Methamphetamine, also called meth or crystal meth, is an extremely addictive and harmful synthetic stimulant. It increases dopamine and central nervous system activity to dangerous levels when taken in high doses.
Methamphetamine is considered a Schedule II drug in the United States. It can be smoked, injected, taken orally, or snorted. The method of ingestion and amount used to affect both the length of the effect and the detection window on drug tests.
The half-life of meth in the body may vary widely from individual to individual, with an average of between 10 and 12 hours. This means it takes about half a day for the body to eliminate one half of a single dose.
Elimination times vary due to a number of factors, including:
- the amount of meth taken
- how frequently it is taken
- if it is binged
- how it is ingested
- body fat composition
- liver and kidney function
Methamphetamine Drug Testing
Because methamphetamine is converted into amphetamine in the body, drug screens are generally able to detect both substances during the various detection time frames.
False positives may occur if you have taken any one of a number of prescription medications, including Ritalin and Sudafed, and methamphetamine is occasionally medically prescribed in low doses as a treatment for ADHD and other conditions.
How Long Does Meth Stay In Your Blood?
Blood tests are generally used in medical settings and can detect methamphetamine use for between one to three days after last use.
How Long Does Meth Stay In Your Urine?
Urine tests may detect meth use for between one to four days. When the drug is used repeatedly or in very high doses, however, meth remains in the body longer. This may extend the amount of time in which the drug can be detected in urine to one week.
Saliva tests can detect methamphetamine use for between one and four days after last use.
While hair testing is known to be less reliable than other drug testing methods, methamphetamine use can be detected in hair samples and hair follicles for up to ninety days after last use.
How Can You Pass A Drug Test For Meth?
You can find many guides that claim how to flush meth out of your system to pass a drug test, how to pass a mouth swab for meth, and other methods to defeat drug screens.
However, toxicologists have seen it all before and many of these methods are extremely obvious and easy to detect, and there’s no guarantee any of them will actually work.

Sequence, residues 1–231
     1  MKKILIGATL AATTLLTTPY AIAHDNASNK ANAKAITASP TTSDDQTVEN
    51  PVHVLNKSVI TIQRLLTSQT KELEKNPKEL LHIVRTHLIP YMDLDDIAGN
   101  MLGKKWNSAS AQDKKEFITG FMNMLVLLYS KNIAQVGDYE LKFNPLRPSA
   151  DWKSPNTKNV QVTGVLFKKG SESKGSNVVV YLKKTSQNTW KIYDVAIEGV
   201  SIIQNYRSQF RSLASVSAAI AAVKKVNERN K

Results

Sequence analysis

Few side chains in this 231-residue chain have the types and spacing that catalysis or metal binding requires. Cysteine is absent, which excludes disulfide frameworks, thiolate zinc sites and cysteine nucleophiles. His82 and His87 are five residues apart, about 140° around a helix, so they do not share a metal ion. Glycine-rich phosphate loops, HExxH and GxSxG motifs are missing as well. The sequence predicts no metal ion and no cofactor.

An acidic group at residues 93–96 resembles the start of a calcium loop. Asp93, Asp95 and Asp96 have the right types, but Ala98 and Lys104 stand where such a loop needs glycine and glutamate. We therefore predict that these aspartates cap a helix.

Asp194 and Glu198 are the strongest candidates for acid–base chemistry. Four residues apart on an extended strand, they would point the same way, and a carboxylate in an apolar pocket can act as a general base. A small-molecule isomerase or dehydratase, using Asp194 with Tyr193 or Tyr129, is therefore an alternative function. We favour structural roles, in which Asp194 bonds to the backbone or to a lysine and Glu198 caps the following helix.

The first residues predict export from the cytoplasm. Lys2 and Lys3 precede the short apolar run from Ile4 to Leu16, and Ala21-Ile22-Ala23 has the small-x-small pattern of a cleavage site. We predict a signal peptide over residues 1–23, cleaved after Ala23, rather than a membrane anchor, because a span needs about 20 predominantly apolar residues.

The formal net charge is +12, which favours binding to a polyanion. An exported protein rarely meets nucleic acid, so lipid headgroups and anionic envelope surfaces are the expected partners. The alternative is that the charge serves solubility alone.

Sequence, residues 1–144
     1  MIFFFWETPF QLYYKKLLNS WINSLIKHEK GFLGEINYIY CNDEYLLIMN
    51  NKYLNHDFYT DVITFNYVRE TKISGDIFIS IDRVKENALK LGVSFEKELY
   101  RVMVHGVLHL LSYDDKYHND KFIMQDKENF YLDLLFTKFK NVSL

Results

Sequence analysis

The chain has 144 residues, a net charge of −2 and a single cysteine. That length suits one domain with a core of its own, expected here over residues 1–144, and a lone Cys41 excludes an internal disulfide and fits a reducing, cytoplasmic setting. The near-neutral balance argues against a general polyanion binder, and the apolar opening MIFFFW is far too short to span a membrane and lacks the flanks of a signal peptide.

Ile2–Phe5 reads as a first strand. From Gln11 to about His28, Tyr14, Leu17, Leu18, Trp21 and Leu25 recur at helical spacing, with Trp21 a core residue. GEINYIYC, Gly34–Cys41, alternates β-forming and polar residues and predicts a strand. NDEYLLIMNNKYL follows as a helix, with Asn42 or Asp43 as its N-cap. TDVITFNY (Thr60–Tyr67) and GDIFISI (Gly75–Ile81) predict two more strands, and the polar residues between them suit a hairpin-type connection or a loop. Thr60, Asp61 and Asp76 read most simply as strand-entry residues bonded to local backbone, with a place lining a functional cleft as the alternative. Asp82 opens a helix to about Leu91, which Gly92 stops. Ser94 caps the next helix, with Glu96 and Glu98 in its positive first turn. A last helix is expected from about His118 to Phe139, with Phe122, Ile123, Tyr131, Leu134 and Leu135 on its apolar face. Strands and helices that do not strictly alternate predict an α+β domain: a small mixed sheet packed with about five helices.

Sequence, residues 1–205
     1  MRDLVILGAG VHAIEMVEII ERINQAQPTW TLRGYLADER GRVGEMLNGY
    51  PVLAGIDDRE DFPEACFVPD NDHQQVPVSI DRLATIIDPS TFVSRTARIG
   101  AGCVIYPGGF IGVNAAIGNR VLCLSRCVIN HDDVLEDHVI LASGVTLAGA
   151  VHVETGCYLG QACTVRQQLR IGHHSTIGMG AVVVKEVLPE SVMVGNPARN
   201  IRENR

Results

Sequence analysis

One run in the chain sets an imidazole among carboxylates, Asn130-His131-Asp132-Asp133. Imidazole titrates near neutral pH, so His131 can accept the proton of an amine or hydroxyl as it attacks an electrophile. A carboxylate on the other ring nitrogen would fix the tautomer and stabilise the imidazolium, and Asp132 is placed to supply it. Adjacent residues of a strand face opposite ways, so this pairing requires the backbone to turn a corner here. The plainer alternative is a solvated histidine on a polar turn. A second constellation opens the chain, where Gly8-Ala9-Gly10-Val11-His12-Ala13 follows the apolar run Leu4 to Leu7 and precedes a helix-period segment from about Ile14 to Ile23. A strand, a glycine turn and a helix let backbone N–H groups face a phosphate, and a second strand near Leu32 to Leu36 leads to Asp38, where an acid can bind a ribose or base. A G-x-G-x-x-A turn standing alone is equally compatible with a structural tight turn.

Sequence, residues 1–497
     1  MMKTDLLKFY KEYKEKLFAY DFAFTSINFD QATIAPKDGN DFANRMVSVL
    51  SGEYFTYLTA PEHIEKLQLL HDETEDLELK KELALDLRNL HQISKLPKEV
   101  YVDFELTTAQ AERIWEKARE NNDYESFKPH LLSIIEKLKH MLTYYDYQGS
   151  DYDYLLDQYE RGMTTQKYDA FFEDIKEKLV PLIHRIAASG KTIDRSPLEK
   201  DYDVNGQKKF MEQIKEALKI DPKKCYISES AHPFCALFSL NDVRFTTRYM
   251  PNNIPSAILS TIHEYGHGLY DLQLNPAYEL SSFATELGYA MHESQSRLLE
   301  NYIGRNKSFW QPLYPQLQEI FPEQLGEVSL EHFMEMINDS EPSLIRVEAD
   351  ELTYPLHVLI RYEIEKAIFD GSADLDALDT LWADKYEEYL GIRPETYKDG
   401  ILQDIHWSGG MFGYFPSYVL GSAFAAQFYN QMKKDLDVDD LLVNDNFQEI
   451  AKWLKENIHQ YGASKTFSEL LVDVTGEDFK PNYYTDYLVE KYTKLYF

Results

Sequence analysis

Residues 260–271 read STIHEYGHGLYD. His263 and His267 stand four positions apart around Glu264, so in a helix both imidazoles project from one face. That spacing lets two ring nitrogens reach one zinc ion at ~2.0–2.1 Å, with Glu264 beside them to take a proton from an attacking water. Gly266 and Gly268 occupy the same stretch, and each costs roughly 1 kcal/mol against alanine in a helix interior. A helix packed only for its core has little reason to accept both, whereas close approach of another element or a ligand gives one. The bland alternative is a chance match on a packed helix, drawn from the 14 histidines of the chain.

If meth is in your system, there is no trick to get it out except to let time pass as your body metabolizes and eliminates it.
How Long Does a Meth High Last?
Unlike cocaine, which is short-acting and rapidly cleared from the body, meth’s effects on the body are more drawn out.
For up to thirty minutes, when smoked or injected, meth will provide you with a near-instant rush and a burst of pleasure, energy, and confidence.
Following the rush is a high, sometimes called “the shoulder.” While high, you may feel superior, smarter, or more assertive than normal, or you may become singularly focused on one item, thought, or task.
A methamphetamine high can last between four and twelve hours with symptoms that may include:
- abnormal heart rhythms
- decreased appetite
- increased body core temperatures
- increased wakefulness
- high blood pressure
- rapid and irregular heartbeat
If you take methamphetamine in a binge, with repeated doses spaced out over days at a time, each successive rush and high will grow lower and lower until vanishing entirely.
At the point when the drug ceases working entirely, you may enter a phase known as tweaking. Your body and mind may disconnect from reality, replaced by side effects of delirium, psychosis, and persistent hallucinations including the sensation of bugs crawling under the skin.
Crash & Withdrawal
Once the effects of the stimulant wear off your body and mind will compensate with feelings of fatigue, depression, and agitation. This is called a crash or come down and can last for several days.
If the drug was binged over an extended period it’s not uncommon for exhausted, malnourished, and dehydrated meth users to sleep for one to three days straight, with the total physical and mental recovery taking well over a week.
If you stop taking meth, severe withdrawal symptoms can start within days and may last for weeks, with the intensity and length of withdrawal increasing based on the extent of prior drug use.
Treatment For Methamphetamine Use Disorder
Because of its potency and the harmful, habit-forming effects it has on the body and mind, meth addiction can be extremely difficult to overcome.
If you or a loved one is struggling with meth use, an intensive inpatient drug rehab program may be the best option. To learn more about available addiction treatment programs, contact an Ark Behavioral Health specialist today.